The soon-to-be SAINT Maria Elizabeth Hesselblad started out life as a Lutheran. To send money back to her family, she emigrated to the US at 16 and became a nursing student in New York. She got through and became a skilled nurse, despite a “prank” which left her locked into the hospital morgue all night on Halloween. (Which turned out to be a good thing… because a dead guy in the morgue woke up and started knocking on the wall because he needed help! AAAAAGH! She had nerves of steel!) She converted to Catholicism in the US, largely due to the witness of her patients’ faith.
After she became Catholic, she ended up becoming very ill. She went on pilgrimage to Rome and started to feel the call to become a sister. She tried out life with the Carmelites, but felt a calling to the Brigittines, a mostly-defunct order originally founded by St. Bridget of Sweden (a little visionary) and her daughter St. Catherine of Sweden (obviously the organizer). The group had originally been known for contemplation and for its close association with male religious (partly in imitation of the original St. Brigit of Kildare’s order, and partly for practical reasons).
Hesselblad felt that there ought to be a return to the original rule, including the unique habit which was based on St. Bridget’s visions. She was eventually given permission to try this out, but essentially had to go it alone for many years before other people joined her version of the order. Today it is fairly successful in Italy and in Sweden, as well as around the world.
One of her earlier recruits is also the subject of a sainthood cause: the Servant of God, Mother Maria Riccarda (Mother Richard) Beauchamp Hambrough. Since the medieval Brigittines were big in England, it was natural that an English Catholic would have been equally enthusiastic about bringing back the order.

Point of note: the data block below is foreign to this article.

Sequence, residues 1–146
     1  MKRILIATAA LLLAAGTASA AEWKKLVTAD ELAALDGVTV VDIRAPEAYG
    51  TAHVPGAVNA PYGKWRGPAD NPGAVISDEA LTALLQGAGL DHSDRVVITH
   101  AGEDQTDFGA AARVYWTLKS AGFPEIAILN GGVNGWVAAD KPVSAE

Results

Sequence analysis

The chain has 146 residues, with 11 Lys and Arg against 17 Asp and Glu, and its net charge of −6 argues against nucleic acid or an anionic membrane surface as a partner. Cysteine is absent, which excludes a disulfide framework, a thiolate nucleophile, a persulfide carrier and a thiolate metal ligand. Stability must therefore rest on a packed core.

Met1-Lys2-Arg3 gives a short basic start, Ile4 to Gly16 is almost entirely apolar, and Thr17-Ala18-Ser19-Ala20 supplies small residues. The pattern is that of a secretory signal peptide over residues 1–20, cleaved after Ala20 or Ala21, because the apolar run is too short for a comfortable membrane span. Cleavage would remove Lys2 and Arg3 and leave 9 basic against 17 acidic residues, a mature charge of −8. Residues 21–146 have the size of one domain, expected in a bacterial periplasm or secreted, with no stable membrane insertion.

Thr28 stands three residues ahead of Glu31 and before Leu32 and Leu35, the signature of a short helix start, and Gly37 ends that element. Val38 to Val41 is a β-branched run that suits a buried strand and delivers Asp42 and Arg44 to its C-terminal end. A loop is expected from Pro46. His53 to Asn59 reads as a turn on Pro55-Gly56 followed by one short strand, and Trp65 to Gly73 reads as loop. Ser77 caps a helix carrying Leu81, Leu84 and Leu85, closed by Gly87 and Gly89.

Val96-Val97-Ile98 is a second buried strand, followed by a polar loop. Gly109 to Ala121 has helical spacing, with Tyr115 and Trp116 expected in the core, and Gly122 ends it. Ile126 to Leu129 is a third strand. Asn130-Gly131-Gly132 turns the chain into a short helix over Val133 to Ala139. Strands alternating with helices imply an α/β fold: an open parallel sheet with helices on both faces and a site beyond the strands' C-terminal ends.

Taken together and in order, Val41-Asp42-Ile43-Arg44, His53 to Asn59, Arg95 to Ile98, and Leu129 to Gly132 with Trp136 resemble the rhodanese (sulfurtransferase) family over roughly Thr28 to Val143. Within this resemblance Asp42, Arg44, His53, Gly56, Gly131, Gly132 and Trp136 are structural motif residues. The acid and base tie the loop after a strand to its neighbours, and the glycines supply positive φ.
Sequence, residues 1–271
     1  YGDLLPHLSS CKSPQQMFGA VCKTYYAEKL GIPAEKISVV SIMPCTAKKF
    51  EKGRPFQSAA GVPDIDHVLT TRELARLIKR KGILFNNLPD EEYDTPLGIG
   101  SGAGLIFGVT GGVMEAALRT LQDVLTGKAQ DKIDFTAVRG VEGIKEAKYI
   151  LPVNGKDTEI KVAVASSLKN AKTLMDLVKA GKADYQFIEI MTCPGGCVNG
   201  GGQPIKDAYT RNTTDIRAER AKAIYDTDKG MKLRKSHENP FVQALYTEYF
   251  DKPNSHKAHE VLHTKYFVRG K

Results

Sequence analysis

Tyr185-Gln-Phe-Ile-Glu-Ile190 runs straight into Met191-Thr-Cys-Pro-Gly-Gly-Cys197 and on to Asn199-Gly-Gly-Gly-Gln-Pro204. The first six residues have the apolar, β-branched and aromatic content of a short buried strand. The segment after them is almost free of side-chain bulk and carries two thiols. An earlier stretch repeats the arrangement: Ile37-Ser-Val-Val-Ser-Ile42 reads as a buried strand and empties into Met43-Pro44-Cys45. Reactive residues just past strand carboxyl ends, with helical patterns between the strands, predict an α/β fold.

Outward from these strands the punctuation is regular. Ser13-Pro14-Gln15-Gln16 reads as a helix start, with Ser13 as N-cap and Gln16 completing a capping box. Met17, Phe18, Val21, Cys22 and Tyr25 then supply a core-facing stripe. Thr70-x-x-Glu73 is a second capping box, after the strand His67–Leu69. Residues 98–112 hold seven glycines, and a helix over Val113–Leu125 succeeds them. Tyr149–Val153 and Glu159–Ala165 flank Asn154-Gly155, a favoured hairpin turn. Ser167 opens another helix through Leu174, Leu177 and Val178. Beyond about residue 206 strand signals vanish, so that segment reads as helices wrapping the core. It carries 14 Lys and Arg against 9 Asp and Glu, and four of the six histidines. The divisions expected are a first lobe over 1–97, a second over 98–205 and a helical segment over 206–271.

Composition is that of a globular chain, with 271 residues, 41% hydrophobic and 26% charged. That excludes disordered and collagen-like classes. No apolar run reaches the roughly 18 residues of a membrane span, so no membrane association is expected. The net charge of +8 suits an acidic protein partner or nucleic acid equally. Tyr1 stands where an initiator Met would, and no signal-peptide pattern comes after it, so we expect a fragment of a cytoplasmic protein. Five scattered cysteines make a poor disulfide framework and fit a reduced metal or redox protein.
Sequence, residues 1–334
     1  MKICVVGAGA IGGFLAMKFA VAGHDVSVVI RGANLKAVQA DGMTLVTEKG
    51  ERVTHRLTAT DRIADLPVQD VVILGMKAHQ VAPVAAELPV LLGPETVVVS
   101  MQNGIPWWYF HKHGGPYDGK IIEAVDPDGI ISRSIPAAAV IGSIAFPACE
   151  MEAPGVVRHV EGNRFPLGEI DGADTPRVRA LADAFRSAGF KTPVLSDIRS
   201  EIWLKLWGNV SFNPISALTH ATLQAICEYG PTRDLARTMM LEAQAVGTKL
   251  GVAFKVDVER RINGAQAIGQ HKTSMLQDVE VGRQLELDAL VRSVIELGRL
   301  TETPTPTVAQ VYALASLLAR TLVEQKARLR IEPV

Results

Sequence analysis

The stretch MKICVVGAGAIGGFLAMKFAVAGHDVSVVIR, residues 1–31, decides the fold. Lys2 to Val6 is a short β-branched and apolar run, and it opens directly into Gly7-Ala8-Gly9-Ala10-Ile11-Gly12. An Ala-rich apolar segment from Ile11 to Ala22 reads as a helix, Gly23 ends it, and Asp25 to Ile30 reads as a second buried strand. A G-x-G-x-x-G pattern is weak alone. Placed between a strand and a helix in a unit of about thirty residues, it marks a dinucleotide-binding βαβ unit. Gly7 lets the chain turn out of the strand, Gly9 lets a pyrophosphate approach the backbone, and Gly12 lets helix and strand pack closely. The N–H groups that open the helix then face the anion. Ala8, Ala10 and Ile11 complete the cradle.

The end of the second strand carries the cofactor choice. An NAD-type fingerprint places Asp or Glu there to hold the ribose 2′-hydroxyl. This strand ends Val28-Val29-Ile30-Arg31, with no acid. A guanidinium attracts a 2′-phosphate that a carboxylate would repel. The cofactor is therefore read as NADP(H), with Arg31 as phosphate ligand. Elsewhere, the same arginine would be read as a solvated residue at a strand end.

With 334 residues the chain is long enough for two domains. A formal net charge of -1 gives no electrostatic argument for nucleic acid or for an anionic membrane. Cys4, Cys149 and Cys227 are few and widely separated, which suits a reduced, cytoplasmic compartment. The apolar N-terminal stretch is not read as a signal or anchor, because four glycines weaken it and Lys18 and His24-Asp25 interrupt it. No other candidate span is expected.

Her life is full of exciting things and interesting doings, including her little Roman convent’s involvement in resisting the Nazis and the Holocaust. There’s a lot of good stuff in her story, and she’s a credit to the US and her other countries!
Her canonization miracle was approved back on December 14, 2015, and now her canonization is officially set for June 5th.
I haven’t been able to find out what her specific canonization miracle was. Back in 2007, however, it was reported that the Brigittines had submitted a miracle where a Mexican sister of the order (Sister Martine Kochuvelikakathe from India) had called upon Mother Hesselblad in December 2001, when a thug was going to fire a gun at her, and the gun miraculously jammed. Probably it wasn’t that one, though, unless there was more to it. (Sainthood cause miracles have a lot of requirements.)
A Swedish newspaper’s article in English. (Doesn’t remember St. Catherine of Sweden!)